Missouri marijuana activists collecting signatures for weed legalization vote

Just over a year after Missouri legalized medical cannabis, activists are fighting to get recreational marijuana legalization on the state’s November ballot.

The proposal, filed by the campaign Missourians for a New Approach, was approved to start gathering signatures by Missouri’s secretary of state. The group needs to collect 160,000 signatures by the middle of May.

If approved, the bill would allow adults aged 21 and older to purchase up to one ounce of marijuana for recreational use and cultivate up to three plants for personal use.

A 15% excise tax would also be imposed on recreational marijuana sales in an effort to generate more funding for veterans’ services, infrastructure, and treatment for substance abuse.

According to one projection, Missouri could collect $86 to $155 million in revenue annually by 2025.

Chip Sheppard, a board member on the Missouri Cannabis Trade Association that worked on the campaign for approving medical cannabis, said he believes Missouri will have the votes to fully legalize weed.

“So none of us that lead the campaign for medical thought there was any chance of recreational, or any push for recreational, for at least four, six, eight years,” Sheppard stated.

It seems their projections were wrong.

“Recreational is going to be almost as popular whenever it hits the ballot, and really it’s not a matter of if, it’s a matter of when,” he added.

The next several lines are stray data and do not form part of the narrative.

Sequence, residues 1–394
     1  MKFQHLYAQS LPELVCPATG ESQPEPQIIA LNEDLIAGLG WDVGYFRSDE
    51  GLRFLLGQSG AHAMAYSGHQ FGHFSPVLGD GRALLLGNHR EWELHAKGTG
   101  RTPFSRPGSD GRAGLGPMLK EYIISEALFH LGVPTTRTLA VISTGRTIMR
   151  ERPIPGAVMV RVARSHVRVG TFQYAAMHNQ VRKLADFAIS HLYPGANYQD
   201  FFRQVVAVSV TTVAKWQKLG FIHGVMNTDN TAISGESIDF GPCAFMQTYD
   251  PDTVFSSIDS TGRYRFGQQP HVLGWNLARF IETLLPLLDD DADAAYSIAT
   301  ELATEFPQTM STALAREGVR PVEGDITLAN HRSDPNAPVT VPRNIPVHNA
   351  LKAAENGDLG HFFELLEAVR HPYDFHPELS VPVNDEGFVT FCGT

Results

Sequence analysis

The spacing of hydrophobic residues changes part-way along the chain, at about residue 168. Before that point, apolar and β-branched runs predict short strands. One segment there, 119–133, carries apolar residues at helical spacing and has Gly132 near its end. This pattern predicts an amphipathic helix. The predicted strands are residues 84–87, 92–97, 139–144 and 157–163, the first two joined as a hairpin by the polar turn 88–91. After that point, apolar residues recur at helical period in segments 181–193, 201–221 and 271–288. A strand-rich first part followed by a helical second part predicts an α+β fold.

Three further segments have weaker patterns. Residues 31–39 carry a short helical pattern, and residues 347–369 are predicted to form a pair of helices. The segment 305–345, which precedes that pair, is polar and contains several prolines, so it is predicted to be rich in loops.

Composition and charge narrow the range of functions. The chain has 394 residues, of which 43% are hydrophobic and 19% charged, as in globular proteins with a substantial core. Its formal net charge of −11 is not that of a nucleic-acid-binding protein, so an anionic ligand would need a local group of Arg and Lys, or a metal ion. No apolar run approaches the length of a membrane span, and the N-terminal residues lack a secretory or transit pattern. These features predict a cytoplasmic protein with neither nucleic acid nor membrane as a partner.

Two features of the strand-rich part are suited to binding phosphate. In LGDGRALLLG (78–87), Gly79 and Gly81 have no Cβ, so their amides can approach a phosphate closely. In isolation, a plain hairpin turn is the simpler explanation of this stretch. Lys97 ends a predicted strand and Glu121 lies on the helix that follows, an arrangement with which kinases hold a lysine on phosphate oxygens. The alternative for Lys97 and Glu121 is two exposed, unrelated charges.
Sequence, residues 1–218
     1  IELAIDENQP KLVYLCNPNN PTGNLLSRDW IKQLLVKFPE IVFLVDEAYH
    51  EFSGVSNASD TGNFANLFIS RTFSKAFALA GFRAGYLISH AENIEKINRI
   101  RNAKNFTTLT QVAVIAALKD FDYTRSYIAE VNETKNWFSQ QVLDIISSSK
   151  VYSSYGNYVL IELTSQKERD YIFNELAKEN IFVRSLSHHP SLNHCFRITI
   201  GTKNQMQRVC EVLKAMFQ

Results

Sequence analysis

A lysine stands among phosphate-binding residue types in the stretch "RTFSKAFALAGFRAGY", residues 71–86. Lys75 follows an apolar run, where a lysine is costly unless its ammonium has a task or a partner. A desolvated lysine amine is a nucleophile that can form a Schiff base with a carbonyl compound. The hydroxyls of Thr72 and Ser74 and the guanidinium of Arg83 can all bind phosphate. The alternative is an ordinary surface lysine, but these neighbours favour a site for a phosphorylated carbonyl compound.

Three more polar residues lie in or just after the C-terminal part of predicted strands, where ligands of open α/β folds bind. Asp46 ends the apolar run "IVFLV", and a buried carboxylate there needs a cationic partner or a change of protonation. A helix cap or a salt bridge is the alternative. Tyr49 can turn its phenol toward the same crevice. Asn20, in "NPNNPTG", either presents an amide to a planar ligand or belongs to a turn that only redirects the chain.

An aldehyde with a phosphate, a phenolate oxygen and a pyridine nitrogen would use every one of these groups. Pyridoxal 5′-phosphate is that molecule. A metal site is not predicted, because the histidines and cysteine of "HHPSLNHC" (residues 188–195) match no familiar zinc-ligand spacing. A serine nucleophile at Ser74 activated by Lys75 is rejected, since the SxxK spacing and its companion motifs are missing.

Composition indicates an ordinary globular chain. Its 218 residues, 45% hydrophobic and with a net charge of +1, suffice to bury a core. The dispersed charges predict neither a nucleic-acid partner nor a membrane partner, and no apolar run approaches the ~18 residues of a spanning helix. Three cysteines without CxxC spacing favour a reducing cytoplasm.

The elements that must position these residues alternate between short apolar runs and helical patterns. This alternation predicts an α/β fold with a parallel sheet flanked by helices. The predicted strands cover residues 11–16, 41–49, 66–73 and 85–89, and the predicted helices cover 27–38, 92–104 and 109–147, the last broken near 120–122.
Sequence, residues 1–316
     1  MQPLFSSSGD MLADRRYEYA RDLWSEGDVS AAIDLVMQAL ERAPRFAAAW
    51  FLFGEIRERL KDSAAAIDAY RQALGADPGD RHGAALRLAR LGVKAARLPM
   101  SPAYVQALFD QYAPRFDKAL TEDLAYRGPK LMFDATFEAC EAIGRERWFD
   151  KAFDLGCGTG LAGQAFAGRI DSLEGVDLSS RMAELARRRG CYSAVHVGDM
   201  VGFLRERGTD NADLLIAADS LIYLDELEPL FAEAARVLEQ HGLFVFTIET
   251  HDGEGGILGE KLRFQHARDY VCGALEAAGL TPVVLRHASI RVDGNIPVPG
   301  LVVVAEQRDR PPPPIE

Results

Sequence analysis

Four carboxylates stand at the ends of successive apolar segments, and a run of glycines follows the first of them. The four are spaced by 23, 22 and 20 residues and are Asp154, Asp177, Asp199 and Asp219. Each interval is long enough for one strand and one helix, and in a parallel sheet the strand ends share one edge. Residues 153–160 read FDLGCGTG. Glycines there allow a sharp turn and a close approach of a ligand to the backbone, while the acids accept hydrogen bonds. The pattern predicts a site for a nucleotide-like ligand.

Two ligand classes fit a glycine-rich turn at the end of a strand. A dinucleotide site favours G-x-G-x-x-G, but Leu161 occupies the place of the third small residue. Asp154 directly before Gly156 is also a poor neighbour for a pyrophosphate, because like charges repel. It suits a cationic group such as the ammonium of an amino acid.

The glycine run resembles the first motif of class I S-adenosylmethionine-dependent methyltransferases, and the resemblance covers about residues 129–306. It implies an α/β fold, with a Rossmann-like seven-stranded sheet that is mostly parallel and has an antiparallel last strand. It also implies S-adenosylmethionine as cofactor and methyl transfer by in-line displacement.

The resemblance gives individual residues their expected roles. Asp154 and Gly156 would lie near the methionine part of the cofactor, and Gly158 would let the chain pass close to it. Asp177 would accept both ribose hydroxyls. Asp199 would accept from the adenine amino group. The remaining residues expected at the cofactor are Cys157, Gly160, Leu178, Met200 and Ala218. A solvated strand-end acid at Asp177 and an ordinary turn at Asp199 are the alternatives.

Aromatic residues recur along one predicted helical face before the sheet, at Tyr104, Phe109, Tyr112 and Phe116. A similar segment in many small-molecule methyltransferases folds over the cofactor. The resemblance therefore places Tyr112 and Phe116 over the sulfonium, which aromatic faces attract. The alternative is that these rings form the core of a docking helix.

On the other hand, Missouri Governor Mike Parson told reporters last week he thinks the current focus should be on implementing medical marijuana.

“Right now, I think we have all we can worry about with medical marijuana, trying to figure out how we’re going to implement that. So right now we’re not even focused, having a conversation about medical marijuana,” Parson said.

Parson’s comments come in contrast to those of New Mexico Governor Michelle Lujan Grisham’s, who said that it is “high time” to legalize marijuana in her State of the State address earlier this week.

“For years now, the legislature has heard and debated recreational cannabis proposals. We’ve watched states come before us, we’ve watched them stumble in some areas, thrive in others…and every year we’ve said, No, not yet, it’s not for us. Well, it’s easy to get to ‘no.’ It’s harder to stand up and create something good and new. And we’re ready for that,” she said.

New Mexico decriminalized marijuana possession last year, while a recreational cannabis legalization bill passed the state House of Representatives in 2019 as well, but has been stalled in the Senate.

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